For those of you who missed last week, over the next month I will be publishing my most sought after blog series—Diary of a Single Mom and her Homeschooled daughter. Here’s part two.
In part one we ended with me about to take on a full-time contract. Now I must confess that the job was a coaching job, so I took Jess with me (until they asked that she not come, but that’s an entirely different article. Lol). I point out the kind of contract because I appreciate that not everyone can take their kids to work, so the reality is, babysitting should always be a consideration when making the leap. Let’s face it, having your children leave the house to go off to school is a break for many parents.
If, however, you are blessed or bold enough to work from home or have a support system that will care for them during the day, it is very possible to do school purely at nights.
When I coached full time, Jess did school from 7 pm to 9 pm. There was no need for an earlier bedtime because she was able to take a midday power nap, which kept her fresh. In addition, my first class started at 10 am, so she went to bed at 10 pm and woke up at 8 am. A child her age needs roughly 11 hours a day, so she was getting enough sleep, even with night school.
During the day, she did what children should do most, SHE PLAYED. I know too many of you that sound ludicrous and even delinquent, but I assure you that any expert would agree that children learn most through play. Their creative juices flow and they learn critical problem-solving techniques. Her screen time was limited during the day as well, which forced the play to be productive.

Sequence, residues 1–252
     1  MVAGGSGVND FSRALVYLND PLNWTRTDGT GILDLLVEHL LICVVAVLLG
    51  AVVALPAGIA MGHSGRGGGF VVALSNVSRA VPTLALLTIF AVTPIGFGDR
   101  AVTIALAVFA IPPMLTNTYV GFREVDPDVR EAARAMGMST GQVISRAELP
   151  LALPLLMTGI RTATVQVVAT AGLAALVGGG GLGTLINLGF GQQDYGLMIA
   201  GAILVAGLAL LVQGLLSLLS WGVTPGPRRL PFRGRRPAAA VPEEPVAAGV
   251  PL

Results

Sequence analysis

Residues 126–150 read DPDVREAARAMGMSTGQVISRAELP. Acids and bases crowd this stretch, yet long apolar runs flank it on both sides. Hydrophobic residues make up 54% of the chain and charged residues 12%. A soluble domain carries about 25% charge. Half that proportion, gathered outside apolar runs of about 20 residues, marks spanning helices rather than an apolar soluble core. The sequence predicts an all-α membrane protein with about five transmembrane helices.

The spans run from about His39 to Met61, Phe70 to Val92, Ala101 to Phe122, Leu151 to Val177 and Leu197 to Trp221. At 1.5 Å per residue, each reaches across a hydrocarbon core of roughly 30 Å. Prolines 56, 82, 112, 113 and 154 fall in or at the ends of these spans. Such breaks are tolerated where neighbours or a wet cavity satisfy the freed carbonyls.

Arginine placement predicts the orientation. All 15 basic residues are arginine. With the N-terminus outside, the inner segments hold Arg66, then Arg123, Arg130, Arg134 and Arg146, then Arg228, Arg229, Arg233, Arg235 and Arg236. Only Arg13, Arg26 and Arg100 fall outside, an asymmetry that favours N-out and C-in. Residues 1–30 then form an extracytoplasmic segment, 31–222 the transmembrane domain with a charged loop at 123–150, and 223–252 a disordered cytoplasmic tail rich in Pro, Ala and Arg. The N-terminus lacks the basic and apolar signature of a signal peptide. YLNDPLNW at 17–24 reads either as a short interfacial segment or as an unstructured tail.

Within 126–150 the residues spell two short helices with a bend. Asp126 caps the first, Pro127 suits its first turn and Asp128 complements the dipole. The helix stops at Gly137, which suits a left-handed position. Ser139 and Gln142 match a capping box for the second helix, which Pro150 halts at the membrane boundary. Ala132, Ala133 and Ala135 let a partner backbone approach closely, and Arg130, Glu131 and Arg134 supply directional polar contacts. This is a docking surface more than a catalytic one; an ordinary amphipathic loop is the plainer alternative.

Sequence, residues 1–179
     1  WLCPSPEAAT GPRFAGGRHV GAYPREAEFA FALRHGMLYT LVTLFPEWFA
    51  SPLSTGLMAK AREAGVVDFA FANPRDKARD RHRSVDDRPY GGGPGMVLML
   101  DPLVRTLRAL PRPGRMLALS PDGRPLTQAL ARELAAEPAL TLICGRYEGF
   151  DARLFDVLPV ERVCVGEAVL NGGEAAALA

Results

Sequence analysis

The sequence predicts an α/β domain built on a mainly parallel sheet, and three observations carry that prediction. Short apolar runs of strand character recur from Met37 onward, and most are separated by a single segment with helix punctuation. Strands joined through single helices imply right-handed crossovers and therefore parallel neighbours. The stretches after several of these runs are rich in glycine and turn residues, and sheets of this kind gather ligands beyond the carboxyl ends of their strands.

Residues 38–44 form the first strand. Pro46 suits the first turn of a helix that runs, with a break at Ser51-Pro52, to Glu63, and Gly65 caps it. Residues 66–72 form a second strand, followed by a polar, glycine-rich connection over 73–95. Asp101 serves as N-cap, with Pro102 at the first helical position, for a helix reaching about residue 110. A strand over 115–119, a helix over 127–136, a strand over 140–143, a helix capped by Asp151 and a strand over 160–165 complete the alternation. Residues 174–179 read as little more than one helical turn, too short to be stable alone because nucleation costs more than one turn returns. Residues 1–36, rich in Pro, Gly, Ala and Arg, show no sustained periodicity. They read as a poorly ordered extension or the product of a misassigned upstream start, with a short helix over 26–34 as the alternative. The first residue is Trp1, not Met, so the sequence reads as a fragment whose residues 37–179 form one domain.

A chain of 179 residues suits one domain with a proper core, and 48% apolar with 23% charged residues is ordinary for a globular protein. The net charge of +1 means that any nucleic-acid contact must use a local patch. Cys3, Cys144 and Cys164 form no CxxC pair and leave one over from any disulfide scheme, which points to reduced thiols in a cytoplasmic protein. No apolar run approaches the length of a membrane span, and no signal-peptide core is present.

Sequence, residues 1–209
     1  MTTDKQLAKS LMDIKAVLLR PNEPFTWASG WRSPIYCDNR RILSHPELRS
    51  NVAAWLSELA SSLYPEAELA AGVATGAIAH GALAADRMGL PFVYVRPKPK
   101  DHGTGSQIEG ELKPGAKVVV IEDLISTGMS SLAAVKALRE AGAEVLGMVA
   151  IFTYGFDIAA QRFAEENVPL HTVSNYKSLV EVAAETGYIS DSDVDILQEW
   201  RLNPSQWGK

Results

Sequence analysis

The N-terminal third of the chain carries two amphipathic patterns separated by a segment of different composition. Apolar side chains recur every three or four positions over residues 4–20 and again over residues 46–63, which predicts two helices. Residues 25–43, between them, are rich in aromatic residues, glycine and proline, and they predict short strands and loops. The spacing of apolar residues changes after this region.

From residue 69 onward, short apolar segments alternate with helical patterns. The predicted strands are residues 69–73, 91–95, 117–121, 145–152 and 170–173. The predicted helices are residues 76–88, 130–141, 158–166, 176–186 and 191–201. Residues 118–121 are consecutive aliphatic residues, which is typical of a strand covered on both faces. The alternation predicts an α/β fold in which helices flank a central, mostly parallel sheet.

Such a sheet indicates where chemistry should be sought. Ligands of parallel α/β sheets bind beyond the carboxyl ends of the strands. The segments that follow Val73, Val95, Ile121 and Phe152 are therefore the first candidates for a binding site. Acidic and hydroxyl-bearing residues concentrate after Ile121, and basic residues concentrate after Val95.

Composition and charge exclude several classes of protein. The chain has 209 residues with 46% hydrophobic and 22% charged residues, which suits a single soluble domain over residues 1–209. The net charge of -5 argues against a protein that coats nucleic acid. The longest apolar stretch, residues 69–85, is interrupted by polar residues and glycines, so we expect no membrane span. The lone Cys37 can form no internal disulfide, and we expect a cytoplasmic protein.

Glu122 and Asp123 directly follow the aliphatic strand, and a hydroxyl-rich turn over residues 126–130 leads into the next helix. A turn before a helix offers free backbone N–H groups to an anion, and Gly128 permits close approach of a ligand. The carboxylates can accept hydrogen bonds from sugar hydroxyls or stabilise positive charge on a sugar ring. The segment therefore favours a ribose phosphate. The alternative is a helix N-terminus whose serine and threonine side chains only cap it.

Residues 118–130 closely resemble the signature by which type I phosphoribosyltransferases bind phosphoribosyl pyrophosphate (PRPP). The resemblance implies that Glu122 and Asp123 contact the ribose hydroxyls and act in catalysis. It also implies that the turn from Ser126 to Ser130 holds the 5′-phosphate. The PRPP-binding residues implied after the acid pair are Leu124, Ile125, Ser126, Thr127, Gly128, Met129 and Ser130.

Now to tackle the “ONLY TWO HOURS A DAY ON SCHOOLWORK.” I know it’s burning through your brain. If you really think about how long it takes a teacher to settle everyone in, get their books out, explain it several times and several ways to ensure each child gets it, break time, lunch time, random projects like Mother’s Day cards time. These things all add up. When Jess sat down to do a math lesson, she got four pages of work done in 15 minutes. She spent ten minutes reading every day, ten on language arts, ten on handwriting and each lesson probably took me ten minutes each to explain. So, if you do the calculations, you’d notice that she was even afforded two breaks in between school. And let me blow your brain, even more, most home school curricula do not schedule school on Fridays.
The beauty of homeschooling really shuns through when my public speaking gigs started to take off and time for school became more and more difficult. The way her curriculum is set up means that she has a checklist of things to complete each week, so we moved away from two hours, four days a week to one hour, 5 days a week and extra on weekends. We basically did school on the go and fit it in wherever we could. Once we checked everything off by Sunday we were good. The curriculum guided our assessments, so I knew that even though we seemed to be doing it on the fly, she was meeting her targets and she was retaining everything.
Gosh, I can’t believe I’ve gone over my word limit already. Keep the emails coming, I promise I will compile them all and do a special Q&A at the end of the series. In the meantime, have a great week and I look forward to telling you more about our journey as a single mom and a homeschooled daughter.
PS. We live in Trinidad, many of the emails assumed we lived in the States. This crazy stuff is so possible even right here in our beautiful Island.